The teenaged boy then took us across to another home that we could only assume was where they put wandering lost guests and gestured for us to take off our shoes before we climbed the stairs to the dwelling. Although it's a tradition in Laos to do so upon entry to homes, and even stores and shops, I was a little taken aback to be asked to remove my shoes to enter a dusty, wooden hut in the middle of the jungle, with pigs and chickens running around underneath and cats, dogs and mice roaming the interior. But of course I didn't want to offend our willing hosts, so I quickly removed my very muddy, very thrashed, favorite pair of boots (of which Max still owes me another pair), and walked up the stairs to our new home for the night.
We entered a large room with nothing but a few bamboo mats to cover the wooden planks of which you could see straight through to the ground beneath. There were obviously people living here with some bedding and a small candle for light still burning, but there were no adults in sight and we had no idea what to do. We must have looked confused, because finally our child host helped us lay out a couple mats in the corner and gave us some blankets to use. After we got "settled", Max went to go move the bike and I was left, alone in the large room, surrounded still by the group of curious children, starring at me with their beautiful brown eyes, waiting for me to do something. The silence was awkward, so I did what I know how to do best and whipped out my iPhone.
We spent the next several minutes listening to Frank Sinatra, and going through all the videos and pictures I had on my phone, and although I loved seeing the smiles on their face as they saw photos of snow for the first time, I was relieved to be out of the spotlight when Max returned and slowly, one by one, they exited the house to calls from their own mothers beckoning them home.
Max and I didn't speak as we laid down to "bed" that night, but held each other to stay warm and tried not to think about the mice scurrying around us...or our still-empty bellies. I was so grateful to have a roof over my head, but I couldn't wait for daylight when the sun would warm the earth once again and light our path out of the jungle. It wouldn't be long now.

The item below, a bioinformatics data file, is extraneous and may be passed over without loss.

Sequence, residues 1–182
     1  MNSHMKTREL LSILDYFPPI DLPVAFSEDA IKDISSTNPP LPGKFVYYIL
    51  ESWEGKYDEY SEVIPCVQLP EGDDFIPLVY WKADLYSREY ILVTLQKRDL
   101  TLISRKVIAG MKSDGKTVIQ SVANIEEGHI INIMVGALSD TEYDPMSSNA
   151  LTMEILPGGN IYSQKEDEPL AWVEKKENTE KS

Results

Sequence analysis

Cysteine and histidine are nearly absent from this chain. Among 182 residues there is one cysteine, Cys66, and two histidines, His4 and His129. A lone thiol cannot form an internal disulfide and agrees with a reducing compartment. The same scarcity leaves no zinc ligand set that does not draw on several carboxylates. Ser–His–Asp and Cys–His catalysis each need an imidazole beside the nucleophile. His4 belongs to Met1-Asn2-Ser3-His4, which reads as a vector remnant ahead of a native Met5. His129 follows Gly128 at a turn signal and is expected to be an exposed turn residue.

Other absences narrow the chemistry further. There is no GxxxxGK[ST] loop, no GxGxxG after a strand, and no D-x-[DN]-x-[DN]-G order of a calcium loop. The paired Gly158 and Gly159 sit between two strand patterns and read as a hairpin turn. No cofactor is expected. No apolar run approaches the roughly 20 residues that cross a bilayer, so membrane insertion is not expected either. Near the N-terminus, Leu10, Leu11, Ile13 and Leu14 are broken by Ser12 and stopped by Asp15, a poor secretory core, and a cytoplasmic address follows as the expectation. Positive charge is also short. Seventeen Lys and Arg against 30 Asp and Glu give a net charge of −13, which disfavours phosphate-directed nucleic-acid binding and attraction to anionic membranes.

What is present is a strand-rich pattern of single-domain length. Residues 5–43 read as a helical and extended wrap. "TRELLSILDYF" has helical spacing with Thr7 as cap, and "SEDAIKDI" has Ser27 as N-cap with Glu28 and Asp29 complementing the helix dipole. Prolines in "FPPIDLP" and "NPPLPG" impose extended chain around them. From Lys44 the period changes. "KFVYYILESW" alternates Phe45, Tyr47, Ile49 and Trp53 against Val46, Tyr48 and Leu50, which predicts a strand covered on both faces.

Daylight did come, but verrrry slowly, and at 6am I couldn't sleep through the cold anymore. The village was already a buzz, people preparing for the day, getting ready to go back out to the fields just as the sun rose. Max had already been up, watching the villagers go about their morning duties and helping the woman we would discover was our real hostess feed the animals.
It felt so strange to be there. We got a sense that we weren't quite welcome by the adults, and later recognized that it was probably because they just didn't know what to think about us. I was so grateful that I didn't have to sleep in the mud with the tigers, but I still couldn't wait to get out of there.
We filled up the tank with gas, and as we were about to head out, our hostess gestured us to come eat with her. Although I was a little leery about what would be on the menu, my stomach couldn't resist, and it turned out to be one of the best meals we had on our trip--exaggerated only slightly because of how starving we were. She made a deliciously seasoned rice porridge, steamed greens right out of the jungle, and an amazing "salsa"-ish dip. And of course, the Lao staple…sticky rice. We sat around a short table, on tiny wooden stools, our knees at our chests, and ate with our hands, trying our best to communicate our gratitude. We paid her what was probably more than she made in a week (about 5 dollars), and were off.
Though the daylight made finding our way a little less daunting (and less scary), the trail itself didn't get any easier. The mud was just as thick and deep and the bike still couldn't make it up most of the hills. There were places where the prickly vines would start to creep in over the road and grab at our clothes, trying to tear them from our bodies. One such incident left me with half a fingernail, and more upset than ever. The scenery was magnificent, but I couldn't let myself appreciate it. We had taken this adventure way too far and it wasn't over yet.